Editor’s note: William Salter is CEO of Paragon Software Systems. The views expressed here are solely his and do not necessarily reflect those of FreightWaves.
Huge new strides in technology mean computers can do the heavy lifting of processing data and filtering for exceptions, freeing up humans to do what bits and bytes can’t – make nuanced, strategic decisions crucial to running and growing a business. But, for an ideal result, computers and humans need to work closely in tandem.
The buzz around what artificial intelligence (AI) will bring to the world of freight and logistics is ubiquitous in the media and at industry conferences. So much is already possible. Light detection and ranging (LIDAR) and Global Positioning System (GPS) technologies, combined with AI software, are making self-driving vehicles such a looming reality that the U.K. organization Zenzic predicted in November that, by 2027, there will be no need for road signs. Radio frequency identification (RFID) and Internet of Things (IoT) devices can alert a supply chain manager in Ohio, in real time, that his shipment of frozen chickens in the Netherlands has strayed beyond a safe temperature range or that the container security seal has been breached.
Online platforms are already making freight requests for proposals (RFPs), bids and spot-rate buys more data rich, efficient and fast. The vast data-crunching power of servers, or even your average laptop, means that route planners can solve in just a few minutes the complex challenge of figuring out the most efficient routes for dozens – or even hundreds – of trucks carrying out dense, multi-drop deliveries.
But it’s not about the technology alone. In order to make the most of these astonishing new capabilities, we need to embrace a future in which AI supports and enables human intelligence, bestowing upon us mere mortals what amounts, in many ways, to superpowers. This is more properly called intelligence augmentation (IA) – the magic that happens when sophisticated software and hardware give us abilities to act faster and smarter than we can without them.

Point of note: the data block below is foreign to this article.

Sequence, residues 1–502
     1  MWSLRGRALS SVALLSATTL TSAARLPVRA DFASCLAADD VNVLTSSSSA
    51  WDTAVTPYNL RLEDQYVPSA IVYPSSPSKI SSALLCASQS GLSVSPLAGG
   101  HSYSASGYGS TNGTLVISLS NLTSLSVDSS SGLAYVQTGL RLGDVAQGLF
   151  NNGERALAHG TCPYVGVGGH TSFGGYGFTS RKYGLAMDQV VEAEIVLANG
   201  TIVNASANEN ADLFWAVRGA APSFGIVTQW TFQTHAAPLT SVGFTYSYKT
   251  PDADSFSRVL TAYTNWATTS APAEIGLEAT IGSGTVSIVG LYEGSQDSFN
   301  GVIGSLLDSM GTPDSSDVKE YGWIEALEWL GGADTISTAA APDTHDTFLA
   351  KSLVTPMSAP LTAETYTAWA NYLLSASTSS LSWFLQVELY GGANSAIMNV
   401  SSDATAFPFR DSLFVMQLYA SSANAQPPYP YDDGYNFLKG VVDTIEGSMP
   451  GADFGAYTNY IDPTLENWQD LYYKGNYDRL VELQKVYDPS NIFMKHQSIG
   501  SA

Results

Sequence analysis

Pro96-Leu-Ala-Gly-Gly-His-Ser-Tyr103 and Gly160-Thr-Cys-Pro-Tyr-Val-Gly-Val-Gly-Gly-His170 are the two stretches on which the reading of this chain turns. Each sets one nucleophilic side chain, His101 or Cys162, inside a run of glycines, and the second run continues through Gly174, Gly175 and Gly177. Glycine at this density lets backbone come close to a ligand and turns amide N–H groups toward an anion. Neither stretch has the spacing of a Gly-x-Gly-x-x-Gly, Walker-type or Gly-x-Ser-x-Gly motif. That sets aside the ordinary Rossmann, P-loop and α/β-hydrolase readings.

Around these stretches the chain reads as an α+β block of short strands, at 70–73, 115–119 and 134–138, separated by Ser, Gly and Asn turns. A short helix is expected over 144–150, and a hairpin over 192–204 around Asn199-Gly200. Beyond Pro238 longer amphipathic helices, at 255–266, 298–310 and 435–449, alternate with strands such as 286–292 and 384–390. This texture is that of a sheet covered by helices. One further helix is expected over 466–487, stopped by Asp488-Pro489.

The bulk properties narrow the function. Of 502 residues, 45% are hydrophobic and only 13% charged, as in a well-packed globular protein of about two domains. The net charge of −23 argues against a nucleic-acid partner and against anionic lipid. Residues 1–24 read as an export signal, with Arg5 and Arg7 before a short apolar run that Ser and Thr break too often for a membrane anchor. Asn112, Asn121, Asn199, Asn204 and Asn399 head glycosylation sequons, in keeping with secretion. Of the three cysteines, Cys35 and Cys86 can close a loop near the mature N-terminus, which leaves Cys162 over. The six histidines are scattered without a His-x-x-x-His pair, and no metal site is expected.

Forbes magazine describes IA as “an alternative conceptualization of artificial intelligence that focuses on AI’s assistive role in advancing human capabilities.” Described by IBM, IA “enables cognitive collaboration, rapid co-learning … between multiple stakeholders and subject matter experts where the computer is an equal participant.”
In the sector of the logistics industry that has occupied me for the last 30 years – delivery route optimization – computer intelligence has brought transformative change. Route planning used to be, by necessity, a laborious and inexact process, involving pieces of paper pinned all over a map or at best a behemoth of a spreadsheet. Teams of route planners worked long and hard, often late into the night, to do the best job they could of figuring out the least-inefficient way of sending multiple trucks and drivers from different origin points to dozens or hundreds of delivery locations. Sadly, despite easily implemented and affordable technology that automates the process, many still do.
With this old methodology, even when a good-enough plan is set, it can fall apart before the first truck leaves the depot because the dispatcher might find a driver is unavailable. Or it can become unworkable as the driver finds he or she is about to blow hours of service (HOS) restrictions. Or a customer wants to change or generate a new order after the plan is created, throwing it all up in the air again. From the advent of modern computing, the emerging technology presented itself as a near-magical solution to these problems.